*Corresponding Author: Prof: Nurun Nahar Fatema

It is a retrospective analysis of PPVI cases using MelodyTM valve (Medtronic Inc, Minneapolis, MN, USA) since December 2012 to October 2019, performed in Combined Military Hospital, Dhaka, Bangladesh. Inclusion criteria were dysfunctional right ventricle (RV) to pulmonary artery (PA) conduit with:
1. RV systolic pressure> 2/3rd of systemic pressure in symptomatic patient.
2. RV systolic pressure > ¾th of systemic pressure in asymptomatic patient.
3. Moderate to severe Pulmonary regurgitation with symptoms or
a) Moderate to severe RV dilatation
b) Moderate to severe RV dysfunction.
c) Impaired exercise capacity (< 65% predictive, NYHA class II, III, IV) Special criteria for using MelodyTM were:
4. Diameter of conduit 16 mm – 22mm.
5. RVOT diameter not more than 22 mm
6. Coronary artery origin or course not closely related to RVOT.
7. Venous access adequate to allow 22 F sheath through femoral vein or Jugular Vein.
All the parameters were assessed from history, physical examination, surgical history and notes. ECG, CXR, Echocardiography were done. Echocardiographic assessment of RVOT conduit for peak pressure gradient across pulmonary valve (PS) was measured by CW doppler, pulmonary regurgitation(PR) by color doppler, RV dimensions (RVEDV ml/m2, RVESV ml/m2) by Simpson method, RV ejection fraction (RVEF) by M-Mode, TR (CW Doppler) etc. Cardiac Magnetic resonance Imaging (CMRI) was not performed for non-availability. Diagnostic cardiac catheterization was performed for checking morphology of RVOT more accurately by balloon sizing and aortogram to exclude coronary compression during balloon occlusion of RVOT.
Melody pulmonary Valve: We used MelodyTM Valve ( Medtronic Inc, Minneapolis, MN) Which was approved by united states FDA in 2010 with HDE (Humanitarian device exemption), It consist of a harvested valve from a bovine jugular vein and is sutured into a platinum – iridium stent frame which is 28 mm long and 18 to 22 mm diameter. Crimped diameter is 6 mm.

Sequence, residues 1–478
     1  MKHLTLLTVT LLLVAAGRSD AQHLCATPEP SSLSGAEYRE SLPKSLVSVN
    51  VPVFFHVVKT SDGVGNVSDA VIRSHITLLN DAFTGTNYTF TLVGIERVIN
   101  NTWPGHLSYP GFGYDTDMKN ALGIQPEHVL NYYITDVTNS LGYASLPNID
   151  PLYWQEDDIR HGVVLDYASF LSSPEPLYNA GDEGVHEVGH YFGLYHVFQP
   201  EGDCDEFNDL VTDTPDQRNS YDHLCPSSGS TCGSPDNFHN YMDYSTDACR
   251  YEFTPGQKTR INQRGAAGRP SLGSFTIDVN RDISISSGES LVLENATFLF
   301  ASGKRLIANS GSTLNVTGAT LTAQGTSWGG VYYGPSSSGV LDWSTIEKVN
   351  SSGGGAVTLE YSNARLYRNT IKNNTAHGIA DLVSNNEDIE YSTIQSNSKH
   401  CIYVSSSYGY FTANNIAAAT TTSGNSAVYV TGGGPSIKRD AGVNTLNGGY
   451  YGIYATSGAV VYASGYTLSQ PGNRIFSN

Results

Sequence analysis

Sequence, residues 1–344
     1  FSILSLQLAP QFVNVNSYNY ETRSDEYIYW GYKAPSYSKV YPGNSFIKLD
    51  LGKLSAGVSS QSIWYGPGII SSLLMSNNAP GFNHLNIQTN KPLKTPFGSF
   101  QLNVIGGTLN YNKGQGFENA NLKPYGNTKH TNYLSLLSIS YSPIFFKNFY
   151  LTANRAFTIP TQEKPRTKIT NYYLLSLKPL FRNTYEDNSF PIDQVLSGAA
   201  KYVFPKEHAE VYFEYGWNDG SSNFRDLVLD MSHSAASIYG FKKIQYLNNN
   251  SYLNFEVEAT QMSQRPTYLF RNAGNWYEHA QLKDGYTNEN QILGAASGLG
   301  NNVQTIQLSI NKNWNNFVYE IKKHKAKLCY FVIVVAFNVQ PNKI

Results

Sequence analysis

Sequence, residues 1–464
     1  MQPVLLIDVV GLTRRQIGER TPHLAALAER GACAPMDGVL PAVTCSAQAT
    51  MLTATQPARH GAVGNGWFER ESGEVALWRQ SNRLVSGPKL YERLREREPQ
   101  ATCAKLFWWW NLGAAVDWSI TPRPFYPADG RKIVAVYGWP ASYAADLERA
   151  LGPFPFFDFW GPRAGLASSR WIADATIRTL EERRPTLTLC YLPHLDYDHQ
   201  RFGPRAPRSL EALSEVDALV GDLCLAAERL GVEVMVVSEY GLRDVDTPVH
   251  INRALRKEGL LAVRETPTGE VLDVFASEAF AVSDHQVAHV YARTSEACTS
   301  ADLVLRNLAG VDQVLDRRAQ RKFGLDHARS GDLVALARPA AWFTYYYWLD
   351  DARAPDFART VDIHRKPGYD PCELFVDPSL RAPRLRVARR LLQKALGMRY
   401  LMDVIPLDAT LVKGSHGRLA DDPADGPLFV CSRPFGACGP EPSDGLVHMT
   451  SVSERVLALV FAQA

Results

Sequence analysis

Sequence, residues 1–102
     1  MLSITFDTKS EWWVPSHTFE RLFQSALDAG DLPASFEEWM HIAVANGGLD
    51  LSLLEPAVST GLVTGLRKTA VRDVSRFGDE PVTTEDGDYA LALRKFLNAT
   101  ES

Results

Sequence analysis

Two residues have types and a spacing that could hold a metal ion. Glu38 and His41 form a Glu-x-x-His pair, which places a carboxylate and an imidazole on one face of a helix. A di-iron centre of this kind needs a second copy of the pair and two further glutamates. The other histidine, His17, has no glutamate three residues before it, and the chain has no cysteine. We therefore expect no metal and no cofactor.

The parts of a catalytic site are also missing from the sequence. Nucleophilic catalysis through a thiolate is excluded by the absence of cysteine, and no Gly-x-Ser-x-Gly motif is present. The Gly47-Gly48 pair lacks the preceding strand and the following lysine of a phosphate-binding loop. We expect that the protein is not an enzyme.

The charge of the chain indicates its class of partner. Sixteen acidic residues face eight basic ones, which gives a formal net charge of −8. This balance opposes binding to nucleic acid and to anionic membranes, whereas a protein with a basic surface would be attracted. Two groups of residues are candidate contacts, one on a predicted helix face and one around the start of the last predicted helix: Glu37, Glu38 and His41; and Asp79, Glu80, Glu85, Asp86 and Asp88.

Delivery System: The stent is crimped onto the Ensemble delivery system and can be expanded up to 22 mm diameter. It is a 22 French catheter with a balloon in balloon deployment design and has 18, 20, 22 mm outer diameter. The tip of the system is blue which corresponds with outflow suture of the stent. There are three proximal ports, green one for guidewire, indigo for inner balloon and orange for outer balloon.
Statistical analysis: Data were collected using Excel spread sheets. Results were presented as mean + standard deviation (SD); cases were shown individually, paired t test done where applicable.

Table 1 showed demographic profile of patients. Mean age was 9.56 years + 2.96 years. Female (66.66%) outnumbered male (33.33%). Mean weight was 28.75 + 8.61 kg. Height varied from 137.5+17.52 cm. Age at the time of surgery was 4.25+ 2.72 years. Four cases (66.66%) had pulmonary atresia and two had tetralogy of Fallot (33.33%). Four cases had Aortic homograft (66.66%), one had pulmonary homograft (16.67%) and one had Bovine valved pericardial conduit (116.67%). Four cases had BT shunt followed by Rastelli operation (66.66%), one had ToF repair followed by redo surgery within one year (16.67%) and one had single surgery (16.67%).
Table 2 showed Echocardiographic findings of study cases. Conduit stenosis was 45 mm Hg or more in all cases and regurgitation was moderate in 2 cases & severe in 4 cases. RVEDV was > 130 ml/m2 in all cases. One patient had absent LPA, and one had RPA stenosis, one had RPA and LPA stenosis along with conduit stenosis.
Table 3 showed procedural data. General anesthesia (GA) was given in all cases, Access was transfemoral for all. Two CP stents were implanted in three cases and one stenteach inrest three cases. Mean fluoroscopy time was 65 +
9.36 minutes. MelodyTM with 20 mm and 22 mm ensemble was used in two cases and 18 mm in four cases. Immediate complications like device embolization, dislocation or arrhythmia were not observed in any cases. Additional procedure was Balloon angioplasty (RPA) in one case (case 2) and RPA and LPA origin balloon angioplasty in one case (case 5).
Table 4 showed immediate outcome of the patient. Residual negligible stenosis of 10 to 16 mm Hg was observed in four cases. Two cases had no gradient. No residual PR was observed in 5 cases and trivial in one case. P- Value was significant.

Table 5 showed follow up of cases for any PS, PR, Infective endocarditis, and stent fracture. First case completed 8 years follow up. No complication was noticed. 2nd case was lost from follow up after 3 years, she had endocarditis after three years and was treated for 6 weeks, cured, and then lost from follow up. Third and fourth cases are in follow up for four years and no complications noted, fifth and sixth cases are in follow up for 6 months and had no complications.